The example given of the sock with the hole in it: assume it's the only sock that the owner has with that hole. If the hole goes away, then it no longer has a unique identity, it's just another sock in his drawer. What gave it an identity in the first place was the fact that it was different.
With a ship, its identity appears to be tied to its designation. If you carried on replacing all the parts of the ship, it'd still be the Ship of Theseus, because that's what it's called. Back in the day when I owned a desktop computer, several times this would actually happen. Every component would got swapped out over a period of time. It carried on being my computer throughout all of it.
A computer's identity can be arguably split into two main elements, a computer and a system. If I replace the operating system and wipe all the data, using it feels completely different. Yet it's the same computer, just running different software. If you replaced the crew of a ship with a different crew, then the ship would operate differently, say, in battle, but it would still be the same ship.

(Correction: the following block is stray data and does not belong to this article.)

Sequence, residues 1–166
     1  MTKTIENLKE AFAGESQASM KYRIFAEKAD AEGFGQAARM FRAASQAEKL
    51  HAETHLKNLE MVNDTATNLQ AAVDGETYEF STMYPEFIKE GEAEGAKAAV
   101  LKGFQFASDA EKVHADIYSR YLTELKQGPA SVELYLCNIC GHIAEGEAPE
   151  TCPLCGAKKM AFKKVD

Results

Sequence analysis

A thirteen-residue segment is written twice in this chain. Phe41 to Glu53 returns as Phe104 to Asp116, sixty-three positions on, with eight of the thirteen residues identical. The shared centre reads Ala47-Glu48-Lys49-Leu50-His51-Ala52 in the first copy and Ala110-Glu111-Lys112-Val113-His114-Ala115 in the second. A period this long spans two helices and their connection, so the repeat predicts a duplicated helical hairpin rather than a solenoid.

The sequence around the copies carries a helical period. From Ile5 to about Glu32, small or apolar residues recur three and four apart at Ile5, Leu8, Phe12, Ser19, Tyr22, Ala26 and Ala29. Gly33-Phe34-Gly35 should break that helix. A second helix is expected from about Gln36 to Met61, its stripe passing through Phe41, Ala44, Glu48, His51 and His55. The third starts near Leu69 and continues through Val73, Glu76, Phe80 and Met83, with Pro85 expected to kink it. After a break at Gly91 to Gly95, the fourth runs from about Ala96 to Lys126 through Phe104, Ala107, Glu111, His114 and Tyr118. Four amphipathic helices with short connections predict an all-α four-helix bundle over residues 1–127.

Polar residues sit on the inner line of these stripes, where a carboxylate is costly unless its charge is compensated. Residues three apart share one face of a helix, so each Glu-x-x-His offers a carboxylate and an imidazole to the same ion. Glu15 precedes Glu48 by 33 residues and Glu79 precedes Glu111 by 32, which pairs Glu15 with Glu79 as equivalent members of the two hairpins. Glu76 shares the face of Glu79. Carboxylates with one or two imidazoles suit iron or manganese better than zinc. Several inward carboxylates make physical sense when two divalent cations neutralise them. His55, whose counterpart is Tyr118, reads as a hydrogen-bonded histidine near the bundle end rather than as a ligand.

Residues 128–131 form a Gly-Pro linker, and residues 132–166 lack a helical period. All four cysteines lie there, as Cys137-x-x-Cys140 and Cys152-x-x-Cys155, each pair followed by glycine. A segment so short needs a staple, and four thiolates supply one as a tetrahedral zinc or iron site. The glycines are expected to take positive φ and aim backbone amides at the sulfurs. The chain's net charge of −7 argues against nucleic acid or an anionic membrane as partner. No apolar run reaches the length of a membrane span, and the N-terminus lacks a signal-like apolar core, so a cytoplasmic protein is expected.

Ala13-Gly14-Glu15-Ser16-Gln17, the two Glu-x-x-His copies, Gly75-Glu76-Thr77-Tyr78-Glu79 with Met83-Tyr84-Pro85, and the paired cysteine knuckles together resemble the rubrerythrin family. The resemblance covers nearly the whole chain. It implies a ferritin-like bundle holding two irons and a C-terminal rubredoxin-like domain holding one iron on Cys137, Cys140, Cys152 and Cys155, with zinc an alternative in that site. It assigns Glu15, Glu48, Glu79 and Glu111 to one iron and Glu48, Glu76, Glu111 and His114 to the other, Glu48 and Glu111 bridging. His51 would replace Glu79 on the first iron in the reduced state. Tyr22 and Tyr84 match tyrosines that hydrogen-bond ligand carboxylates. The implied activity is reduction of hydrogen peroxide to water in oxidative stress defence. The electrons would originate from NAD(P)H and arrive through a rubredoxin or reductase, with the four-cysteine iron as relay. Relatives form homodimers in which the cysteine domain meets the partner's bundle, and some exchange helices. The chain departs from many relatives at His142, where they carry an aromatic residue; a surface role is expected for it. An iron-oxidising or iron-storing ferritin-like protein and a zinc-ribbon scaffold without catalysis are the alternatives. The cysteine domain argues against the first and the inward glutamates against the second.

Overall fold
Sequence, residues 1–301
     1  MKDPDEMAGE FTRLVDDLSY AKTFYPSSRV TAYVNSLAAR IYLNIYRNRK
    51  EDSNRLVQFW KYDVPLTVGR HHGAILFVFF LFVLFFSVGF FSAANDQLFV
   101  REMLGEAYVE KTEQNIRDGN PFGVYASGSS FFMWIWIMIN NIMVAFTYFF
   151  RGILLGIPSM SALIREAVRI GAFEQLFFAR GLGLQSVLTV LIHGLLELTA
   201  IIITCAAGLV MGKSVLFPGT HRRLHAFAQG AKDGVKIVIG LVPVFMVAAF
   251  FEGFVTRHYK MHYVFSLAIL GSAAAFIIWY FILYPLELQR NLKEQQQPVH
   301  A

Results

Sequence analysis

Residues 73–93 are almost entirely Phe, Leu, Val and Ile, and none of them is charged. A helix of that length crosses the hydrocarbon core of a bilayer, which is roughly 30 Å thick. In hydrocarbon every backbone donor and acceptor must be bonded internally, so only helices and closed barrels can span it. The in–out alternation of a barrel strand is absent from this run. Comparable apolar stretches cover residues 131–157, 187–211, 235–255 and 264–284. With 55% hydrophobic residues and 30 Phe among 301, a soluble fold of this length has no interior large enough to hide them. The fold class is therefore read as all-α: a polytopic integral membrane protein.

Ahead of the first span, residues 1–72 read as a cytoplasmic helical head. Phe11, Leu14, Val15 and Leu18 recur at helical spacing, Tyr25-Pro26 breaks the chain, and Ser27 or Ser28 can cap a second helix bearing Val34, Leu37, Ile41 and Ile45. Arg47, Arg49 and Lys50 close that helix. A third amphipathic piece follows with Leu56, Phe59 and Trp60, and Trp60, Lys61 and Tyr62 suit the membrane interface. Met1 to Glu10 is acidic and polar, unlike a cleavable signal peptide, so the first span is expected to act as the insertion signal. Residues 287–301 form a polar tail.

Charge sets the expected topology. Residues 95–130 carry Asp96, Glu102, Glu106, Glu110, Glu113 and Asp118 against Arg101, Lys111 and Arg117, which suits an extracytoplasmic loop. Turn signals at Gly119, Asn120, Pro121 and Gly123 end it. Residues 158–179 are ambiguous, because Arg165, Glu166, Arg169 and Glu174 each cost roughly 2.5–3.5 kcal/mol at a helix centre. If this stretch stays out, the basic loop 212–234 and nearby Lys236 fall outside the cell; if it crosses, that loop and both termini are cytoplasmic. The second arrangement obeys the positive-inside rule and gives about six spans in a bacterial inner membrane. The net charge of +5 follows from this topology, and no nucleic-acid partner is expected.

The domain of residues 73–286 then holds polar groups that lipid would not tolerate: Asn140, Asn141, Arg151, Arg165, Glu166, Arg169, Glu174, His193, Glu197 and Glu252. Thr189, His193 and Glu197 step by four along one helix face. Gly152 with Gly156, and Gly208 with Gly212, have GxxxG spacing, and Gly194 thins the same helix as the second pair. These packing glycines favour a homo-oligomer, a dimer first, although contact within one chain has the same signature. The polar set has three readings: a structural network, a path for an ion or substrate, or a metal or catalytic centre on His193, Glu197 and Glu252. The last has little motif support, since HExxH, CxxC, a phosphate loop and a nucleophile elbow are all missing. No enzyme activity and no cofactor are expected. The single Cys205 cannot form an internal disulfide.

You could restore the old system / crew and retrieve the original functionality, but if you replaced both the hardware and the 'software', yet kept the designation, you have two different things with the same name.
A person's body has all of its cells replaced after a period of years. But we don't go around emptying the prisons of long-serving inmates on the basis that the person that committed the crime isn't the same as the person currently in jail.
One can devise conceptions of identity with varying degrees of immutability. The conundrum makes the incorrect assumption that identity itself is an immutable concept. It's not.
Would that be the same link or is it a new one?
"The detachment estimates that approximately 10–15 percent of the timber in Constitution contains original material installed during her initial construction period in the years 1795–1797"
I would recommend the movie to the fans of cinema/indie movies.
See: Sissel v. United States Department of Health & Human Services
Graydon Hoare about what code he has left in Rust.
Even if after 20 years of incremental changes to the band none of the original members are left it will still be considered by many to be the same band (although they will all likely lament the loss of such and such member) By being recognized as the same band it inherits many of the same rights such as performing the same songs as the previous incarnations of the band (assuming of course it owns, or pays royalties to the right holders, but that is an unrelated topic).
However if too many members change at once, or they lose a member whose presence independently defined the band then people will likely not consider it the same band.